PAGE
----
I was drinking coffee as they tucked into a fry-up each, and first became aware of them when one called to the waitress who was cleaning the counter.

“Hey love, who sings this song, d’ya know?”

She cocked an ear to the song coming from the radio. “Erm, . . . oh, I do know this one . . . who is it now?”

I couldn’t place the singer, but knew the song: A Night To Remember.

“Is it Diana Ross?” the man asked.

“Is it bleedin’ hell,” his mate replied for her. “It’s a man.”

“You can’t tell the difference with some of those funky singers. Is it Luther Vandross?” he persisted.

Get ready,” the waitress sang along as she searched her memory, “tonight!”

Outside the window, in the dirty grey light, my fellow Mancunians were falling into their daily routines. I bet most of them could navigate their route blindfolded, scattering the pigeons and beggars as they go.

The waitress brought my plate over, now humming along to a new and easily identifiable song. Abba, that Swedish superpower of airplay.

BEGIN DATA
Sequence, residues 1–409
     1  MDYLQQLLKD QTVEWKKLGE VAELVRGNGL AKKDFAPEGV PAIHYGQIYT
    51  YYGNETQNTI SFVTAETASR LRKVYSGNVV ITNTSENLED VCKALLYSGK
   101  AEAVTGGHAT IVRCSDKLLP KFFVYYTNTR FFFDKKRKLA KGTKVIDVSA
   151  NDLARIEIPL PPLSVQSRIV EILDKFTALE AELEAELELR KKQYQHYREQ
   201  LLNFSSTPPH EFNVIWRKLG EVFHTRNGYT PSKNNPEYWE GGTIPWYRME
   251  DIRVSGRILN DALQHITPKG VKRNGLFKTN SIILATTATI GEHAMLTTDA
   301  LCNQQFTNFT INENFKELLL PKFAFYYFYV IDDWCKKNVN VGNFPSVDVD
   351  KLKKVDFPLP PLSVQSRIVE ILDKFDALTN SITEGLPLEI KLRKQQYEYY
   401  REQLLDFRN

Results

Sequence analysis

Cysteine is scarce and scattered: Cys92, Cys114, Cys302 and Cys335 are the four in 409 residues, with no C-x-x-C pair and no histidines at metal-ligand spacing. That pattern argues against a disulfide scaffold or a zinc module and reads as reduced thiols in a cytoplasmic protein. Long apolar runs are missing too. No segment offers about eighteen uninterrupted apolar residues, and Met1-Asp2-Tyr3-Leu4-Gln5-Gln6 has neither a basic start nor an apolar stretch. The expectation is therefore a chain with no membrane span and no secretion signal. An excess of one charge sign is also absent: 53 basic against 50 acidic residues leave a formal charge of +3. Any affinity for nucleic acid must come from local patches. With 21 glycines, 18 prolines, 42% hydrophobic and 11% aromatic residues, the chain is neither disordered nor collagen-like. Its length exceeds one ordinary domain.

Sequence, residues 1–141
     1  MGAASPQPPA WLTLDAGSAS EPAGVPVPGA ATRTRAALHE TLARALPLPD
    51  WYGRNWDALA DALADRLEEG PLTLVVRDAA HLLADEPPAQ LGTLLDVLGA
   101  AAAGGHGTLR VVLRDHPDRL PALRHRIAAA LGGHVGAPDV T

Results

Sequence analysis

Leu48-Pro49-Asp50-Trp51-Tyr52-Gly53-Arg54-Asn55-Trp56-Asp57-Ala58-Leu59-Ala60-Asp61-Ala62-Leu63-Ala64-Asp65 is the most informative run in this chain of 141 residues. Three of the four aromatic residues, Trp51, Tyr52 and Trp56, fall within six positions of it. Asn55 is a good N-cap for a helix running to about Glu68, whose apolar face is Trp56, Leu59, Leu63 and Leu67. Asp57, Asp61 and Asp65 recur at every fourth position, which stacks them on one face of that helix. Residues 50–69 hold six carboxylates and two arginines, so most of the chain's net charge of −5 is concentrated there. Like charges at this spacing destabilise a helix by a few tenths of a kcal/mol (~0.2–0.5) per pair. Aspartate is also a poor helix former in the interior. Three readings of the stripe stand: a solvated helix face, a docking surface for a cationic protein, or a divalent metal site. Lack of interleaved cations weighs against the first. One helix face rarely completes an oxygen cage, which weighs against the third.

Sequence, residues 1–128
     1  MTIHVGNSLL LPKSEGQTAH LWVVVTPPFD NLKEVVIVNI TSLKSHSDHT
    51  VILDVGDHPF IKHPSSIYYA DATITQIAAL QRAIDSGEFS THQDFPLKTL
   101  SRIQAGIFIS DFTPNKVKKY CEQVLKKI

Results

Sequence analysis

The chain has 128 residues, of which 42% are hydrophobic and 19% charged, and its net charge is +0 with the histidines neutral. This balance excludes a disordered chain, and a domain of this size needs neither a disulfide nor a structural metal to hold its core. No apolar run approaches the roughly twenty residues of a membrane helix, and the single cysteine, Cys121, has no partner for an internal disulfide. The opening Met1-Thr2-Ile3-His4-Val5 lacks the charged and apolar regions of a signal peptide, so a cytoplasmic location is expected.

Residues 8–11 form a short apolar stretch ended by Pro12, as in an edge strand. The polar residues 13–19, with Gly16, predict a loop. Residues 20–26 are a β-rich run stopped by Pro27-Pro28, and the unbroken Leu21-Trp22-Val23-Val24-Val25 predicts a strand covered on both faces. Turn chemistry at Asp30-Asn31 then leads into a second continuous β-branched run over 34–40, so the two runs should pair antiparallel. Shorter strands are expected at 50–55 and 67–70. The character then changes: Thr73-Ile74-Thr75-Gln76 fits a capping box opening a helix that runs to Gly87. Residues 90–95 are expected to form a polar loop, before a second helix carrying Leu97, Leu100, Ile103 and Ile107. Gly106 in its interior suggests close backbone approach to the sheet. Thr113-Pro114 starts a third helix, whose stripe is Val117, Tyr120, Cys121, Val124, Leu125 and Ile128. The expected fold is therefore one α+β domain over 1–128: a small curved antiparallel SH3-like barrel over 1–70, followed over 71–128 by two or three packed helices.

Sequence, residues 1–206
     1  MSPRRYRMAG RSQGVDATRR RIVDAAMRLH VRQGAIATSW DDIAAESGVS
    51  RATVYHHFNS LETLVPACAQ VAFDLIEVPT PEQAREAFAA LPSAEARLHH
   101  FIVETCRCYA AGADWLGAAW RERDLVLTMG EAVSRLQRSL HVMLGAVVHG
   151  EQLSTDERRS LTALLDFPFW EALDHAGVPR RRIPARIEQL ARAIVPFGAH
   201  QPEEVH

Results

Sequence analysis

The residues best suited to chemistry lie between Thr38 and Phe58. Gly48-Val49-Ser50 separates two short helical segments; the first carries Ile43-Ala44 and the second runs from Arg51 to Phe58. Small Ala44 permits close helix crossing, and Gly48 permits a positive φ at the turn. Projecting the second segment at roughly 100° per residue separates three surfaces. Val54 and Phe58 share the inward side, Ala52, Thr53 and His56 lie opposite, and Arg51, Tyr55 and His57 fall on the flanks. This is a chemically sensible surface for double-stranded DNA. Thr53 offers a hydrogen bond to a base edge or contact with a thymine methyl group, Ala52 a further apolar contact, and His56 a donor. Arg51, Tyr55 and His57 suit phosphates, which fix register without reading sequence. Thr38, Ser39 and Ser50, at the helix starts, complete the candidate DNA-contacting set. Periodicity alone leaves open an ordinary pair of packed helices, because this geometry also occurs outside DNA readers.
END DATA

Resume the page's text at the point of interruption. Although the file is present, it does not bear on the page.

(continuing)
As I picked up my knife and fork I caught the eye of the man who’d asked the question. “That song, it was Shalamar.”

“Shalamar!” they both exclaimed.

“And friends!” the one that had posed the question, added.

“Yes,” his accomplice agreed, “Shalamar and friends.”

“You’ll sleep tonight now,” I said. But then felt the need for confession. I held up my phone. “I cheated.”

“You didn’t know it either!” they grinned.

Brought briefly together by a thirty-odd year-old song, we then retreated back to our respective worlds, those two sketching vague plans for the day and I catching last night’s match report.

I was draining the last of my coffee by the time they’d finished and paid their bill. I nodded to them as they made their way to the door, and the guy leading the way shook his head reflectively. “That damn Shalamar,” he said, before joining the parade on the Manchester streets.